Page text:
Iran hopes for Sanctions relief by the end of 2015

Iran’s top nuclear negotiator expressed hopes that an agreement will be reached on Iran’s rollback of its nuclear program in exchange for sanctions relief before the end of the year. Negotiator Abbas Araqchi’s comments came a day after US President Obama approved sanctions waivers on October 18, the symbolic implementation day for the nuclear deal concluded between Iran and the P5+1 (Britain, China, France, Germany, Russia and the US) in July. The waivers will take effect after Iran proves the rollback to the International Atomic Energy Agency (IAEA), which US officials have stated may take over two months. Araqchi reported that no action has yet been taken towards “mothballing” centrifuges, as facilitators must await an order from President Rouhani to begin. He stated that Iran hoped to see practical implementation of the deal in the next two months. The deal, drawn up between Iran and the P5+1, stipulates Iran dismantle its nuclear program in return for the lifting of international sanctions.

Iranian Oil Minister stated that the country hopes to increase its oil output after the sanctions are lifted, as he called for OPEC to cut collective production to raise international crude prices. In the past few months, Iran has hosted a multitude of foreign trade delegations, and has also attracted attention for the recent involvement of Iranian forces supporting Syrian President Bashar al-Assad. In the first gesture of its kind in over 10 years, German Foreign Minister Frank-Walter Steinmeier visited Iran this weekend, urging the country use its influence to press Syrian President Bashar al-Assad to work towards a more diplomatic solution to the country’s nearly five-year civil war.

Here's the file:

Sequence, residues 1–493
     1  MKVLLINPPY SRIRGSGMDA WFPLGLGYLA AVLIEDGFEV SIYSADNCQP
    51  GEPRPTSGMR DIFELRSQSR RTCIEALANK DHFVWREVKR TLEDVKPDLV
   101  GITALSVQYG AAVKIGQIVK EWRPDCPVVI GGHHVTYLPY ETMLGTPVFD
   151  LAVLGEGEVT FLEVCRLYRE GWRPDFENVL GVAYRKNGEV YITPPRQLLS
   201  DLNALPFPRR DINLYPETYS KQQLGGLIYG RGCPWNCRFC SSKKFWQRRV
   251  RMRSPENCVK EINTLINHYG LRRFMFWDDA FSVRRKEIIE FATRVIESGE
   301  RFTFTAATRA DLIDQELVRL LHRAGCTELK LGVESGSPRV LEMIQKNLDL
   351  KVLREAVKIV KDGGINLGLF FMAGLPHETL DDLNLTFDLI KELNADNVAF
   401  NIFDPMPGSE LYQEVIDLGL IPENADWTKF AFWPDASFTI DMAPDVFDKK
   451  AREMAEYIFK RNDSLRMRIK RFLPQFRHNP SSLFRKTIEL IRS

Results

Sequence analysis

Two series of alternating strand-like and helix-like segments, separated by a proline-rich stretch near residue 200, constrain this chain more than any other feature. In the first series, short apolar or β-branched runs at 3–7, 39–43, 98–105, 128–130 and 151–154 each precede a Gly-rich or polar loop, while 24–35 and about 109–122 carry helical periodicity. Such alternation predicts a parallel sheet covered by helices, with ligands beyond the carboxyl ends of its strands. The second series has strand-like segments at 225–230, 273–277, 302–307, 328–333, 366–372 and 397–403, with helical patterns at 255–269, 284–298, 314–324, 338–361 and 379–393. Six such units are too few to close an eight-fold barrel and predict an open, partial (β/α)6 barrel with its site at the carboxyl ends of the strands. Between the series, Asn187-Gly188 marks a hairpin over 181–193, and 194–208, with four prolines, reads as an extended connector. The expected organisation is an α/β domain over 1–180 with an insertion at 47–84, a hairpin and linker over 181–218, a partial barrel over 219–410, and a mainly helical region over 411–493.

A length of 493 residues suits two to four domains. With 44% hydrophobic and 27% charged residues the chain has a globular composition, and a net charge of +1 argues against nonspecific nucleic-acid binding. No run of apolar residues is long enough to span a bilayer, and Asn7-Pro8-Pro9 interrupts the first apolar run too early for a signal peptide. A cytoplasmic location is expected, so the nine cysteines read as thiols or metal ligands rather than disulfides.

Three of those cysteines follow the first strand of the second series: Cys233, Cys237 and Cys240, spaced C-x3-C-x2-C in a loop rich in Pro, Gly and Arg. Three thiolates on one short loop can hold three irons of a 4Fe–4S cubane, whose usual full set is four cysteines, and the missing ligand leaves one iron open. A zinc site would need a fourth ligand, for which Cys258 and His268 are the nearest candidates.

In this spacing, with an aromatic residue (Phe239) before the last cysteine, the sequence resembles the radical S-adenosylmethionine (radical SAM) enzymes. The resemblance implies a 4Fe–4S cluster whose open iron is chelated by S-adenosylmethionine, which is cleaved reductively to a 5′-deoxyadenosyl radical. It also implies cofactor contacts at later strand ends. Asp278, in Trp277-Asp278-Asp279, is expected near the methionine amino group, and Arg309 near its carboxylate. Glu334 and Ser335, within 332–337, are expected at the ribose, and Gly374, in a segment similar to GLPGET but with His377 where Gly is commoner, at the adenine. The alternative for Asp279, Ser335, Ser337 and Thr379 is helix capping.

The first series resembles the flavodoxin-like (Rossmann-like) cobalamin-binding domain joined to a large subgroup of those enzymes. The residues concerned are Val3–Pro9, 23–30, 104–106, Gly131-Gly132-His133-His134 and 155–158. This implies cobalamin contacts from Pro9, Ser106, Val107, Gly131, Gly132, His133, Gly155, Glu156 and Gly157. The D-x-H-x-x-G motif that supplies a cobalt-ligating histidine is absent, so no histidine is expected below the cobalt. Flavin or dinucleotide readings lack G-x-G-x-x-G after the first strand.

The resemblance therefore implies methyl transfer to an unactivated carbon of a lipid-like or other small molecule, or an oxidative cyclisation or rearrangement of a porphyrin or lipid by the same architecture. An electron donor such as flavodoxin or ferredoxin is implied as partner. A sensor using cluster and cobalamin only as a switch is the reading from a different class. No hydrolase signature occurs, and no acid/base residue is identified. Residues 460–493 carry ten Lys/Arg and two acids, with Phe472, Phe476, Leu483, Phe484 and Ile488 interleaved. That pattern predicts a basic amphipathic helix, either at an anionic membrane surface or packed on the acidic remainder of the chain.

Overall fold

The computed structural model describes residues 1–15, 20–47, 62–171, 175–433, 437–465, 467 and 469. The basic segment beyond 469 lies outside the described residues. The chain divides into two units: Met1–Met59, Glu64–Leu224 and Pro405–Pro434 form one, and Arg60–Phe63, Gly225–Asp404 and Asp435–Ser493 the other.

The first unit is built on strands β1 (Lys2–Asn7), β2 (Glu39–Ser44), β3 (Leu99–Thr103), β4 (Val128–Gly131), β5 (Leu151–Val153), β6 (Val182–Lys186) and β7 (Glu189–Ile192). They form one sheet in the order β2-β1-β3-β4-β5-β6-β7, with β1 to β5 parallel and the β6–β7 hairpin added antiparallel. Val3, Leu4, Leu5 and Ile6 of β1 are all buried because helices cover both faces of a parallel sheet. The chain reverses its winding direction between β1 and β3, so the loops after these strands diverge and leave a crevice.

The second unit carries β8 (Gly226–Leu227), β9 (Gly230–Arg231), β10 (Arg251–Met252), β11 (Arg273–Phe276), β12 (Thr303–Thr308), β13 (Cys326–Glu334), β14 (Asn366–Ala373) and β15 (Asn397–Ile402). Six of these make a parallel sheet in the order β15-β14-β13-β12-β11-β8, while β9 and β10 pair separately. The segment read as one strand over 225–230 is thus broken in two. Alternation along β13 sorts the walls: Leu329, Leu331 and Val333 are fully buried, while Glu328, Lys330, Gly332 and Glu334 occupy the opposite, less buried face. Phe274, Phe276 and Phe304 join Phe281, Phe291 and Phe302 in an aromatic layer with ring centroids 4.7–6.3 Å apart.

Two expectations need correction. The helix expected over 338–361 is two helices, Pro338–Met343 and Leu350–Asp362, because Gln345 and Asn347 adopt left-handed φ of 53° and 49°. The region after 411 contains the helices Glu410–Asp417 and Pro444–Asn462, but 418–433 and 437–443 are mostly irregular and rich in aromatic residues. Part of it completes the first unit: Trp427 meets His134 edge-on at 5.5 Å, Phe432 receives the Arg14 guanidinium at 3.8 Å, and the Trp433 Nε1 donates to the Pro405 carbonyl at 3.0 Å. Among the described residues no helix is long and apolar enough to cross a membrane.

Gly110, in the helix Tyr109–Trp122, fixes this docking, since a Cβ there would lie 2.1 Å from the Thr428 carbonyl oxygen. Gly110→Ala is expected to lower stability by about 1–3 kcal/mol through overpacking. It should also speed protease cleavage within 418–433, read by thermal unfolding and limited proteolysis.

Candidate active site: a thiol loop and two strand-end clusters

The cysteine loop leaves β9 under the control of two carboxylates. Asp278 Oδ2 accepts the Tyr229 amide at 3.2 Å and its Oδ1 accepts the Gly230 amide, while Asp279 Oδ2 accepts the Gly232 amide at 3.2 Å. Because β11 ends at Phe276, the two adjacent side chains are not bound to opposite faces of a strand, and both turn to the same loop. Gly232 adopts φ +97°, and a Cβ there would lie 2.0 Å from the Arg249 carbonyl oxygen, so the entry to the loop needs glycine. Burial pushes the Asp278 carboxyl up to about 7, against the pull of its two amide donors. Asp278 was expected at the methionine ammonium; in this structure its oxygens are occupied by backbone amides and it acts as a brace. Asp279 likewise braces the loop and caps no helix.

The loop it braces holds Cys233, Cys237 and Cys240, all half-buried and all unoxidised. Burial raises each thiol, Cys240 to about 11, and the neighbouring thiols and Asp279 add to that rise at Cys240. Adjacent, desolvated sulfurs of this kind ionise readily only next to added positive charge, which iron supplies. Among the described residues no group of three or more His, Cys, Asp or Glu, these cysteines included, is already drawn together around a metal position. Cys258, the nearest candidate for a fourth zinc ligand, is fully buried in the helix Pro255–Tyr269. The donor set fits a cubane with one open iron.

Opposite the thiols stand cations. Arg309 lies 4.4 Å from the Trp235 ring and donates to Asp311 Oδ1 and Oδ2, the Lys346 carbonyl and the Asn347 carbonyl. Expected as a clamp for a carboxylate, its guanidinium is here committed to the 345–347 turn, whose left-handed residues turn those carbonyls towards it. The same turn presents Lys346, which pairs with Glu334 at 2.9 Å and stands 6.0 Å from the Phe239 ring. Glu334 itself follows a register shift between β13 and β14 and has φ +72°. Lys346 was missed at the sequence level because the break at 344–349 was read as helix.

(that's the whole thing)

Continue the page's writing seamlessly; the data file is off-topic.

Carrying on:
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News Briefs:

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  • Vice News produced a short documentary on two of the five former Guantanamo detainees sent to Kazakhstan in December 2014. The report details the difficulties facing Lotfi Bin Ali and his Yemeni companion Sabri al-Qurashi, both living in the east Kazakhstan city of Semey. Both report issues obtaining vital medication through the Red Crescent of Kazakhstan, apparently in charge of monitoring them and providing housing and aid; negative encounters with local police; and integrating into a predominantly Russian-speaking society. Vice journalists could not pinpoint any organization that holds complete jurisdiction over their situation, although they are not allowed to leave the city. The US concluded an agreement with the government of Kazakhstan to repatriate the five former detainees. Four remain, as one died of kidney failure in southern Kazakhstan in March 2015.
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